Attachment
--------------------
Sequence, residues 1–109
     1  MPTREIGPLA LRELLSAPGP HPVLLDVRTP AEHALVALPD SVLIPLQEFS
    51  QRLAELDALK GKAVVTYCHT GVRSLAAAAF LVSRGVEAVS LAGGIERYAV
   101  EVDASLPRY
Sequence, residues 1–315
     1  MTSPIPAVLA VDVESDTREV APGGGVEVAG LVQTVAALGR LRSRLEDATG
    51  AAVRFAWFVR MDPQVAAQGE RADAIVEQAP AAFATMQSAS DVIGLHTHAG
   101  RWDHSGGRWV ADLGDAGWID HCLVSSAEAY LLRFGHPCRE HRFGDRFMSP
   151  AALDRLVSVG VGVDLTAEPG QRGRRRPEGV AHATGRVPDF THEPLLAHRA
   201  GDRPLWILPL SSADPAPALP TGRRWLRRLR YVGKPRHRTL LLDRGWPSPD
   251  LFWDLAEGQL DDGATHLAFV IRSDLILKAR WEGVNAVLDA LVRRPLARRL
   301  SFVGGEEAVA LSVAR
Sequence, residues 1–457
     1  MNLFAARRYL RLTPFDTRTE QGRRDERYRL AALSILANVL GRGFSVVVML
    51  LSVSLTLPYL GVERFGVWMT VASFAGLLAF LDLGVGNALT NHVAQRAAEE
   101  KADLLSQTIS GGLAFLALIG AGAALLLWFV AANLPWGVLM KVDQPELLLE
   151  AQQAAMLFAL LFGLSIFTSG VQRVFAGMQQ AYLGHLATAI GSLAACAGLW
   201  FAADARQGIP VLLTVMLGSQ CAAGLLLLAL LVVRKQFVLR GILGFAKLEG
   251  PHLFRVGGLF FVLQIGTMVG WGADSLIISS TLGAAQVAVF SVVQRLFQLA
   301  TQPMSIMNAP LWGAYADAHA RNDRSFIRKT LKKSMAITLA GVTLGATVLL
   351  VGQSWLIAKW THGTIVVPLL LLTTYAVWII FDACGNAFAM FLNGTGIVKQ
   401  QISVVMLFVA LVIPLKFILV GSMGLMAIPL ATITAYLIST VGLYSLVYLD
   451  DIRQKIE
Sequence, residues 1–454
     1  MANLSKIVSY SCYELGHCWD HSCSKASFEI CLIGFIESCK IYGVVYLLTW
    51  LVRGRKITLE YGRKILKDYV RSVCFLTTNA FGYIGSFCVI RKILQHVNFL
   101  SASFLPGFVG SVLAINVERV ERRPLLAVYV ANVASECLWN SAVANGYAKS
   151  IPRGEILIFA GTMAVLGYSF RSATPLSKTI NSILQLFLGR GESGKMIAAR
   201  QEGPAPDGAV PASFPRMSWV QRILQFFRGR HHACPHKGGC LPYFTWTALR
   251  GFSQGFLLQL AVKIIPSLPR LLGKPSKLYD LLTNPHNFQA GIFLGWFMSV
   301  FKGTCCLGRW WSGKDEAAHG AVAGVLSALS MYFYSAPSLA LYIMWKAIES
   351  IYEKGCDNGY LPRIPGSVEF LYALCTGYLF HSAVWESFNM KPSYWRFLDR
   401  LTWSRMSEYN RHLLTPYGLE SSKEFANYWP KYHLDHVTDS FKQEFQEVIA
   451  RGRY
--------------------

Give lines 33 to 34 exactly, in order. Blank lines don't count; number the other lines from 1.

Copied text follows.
   401  LTWSRMSEYN RHLLTPYGLE SSKEFANYWP KYHLDHVTDS FKQEFQEVIA
   451  RGRY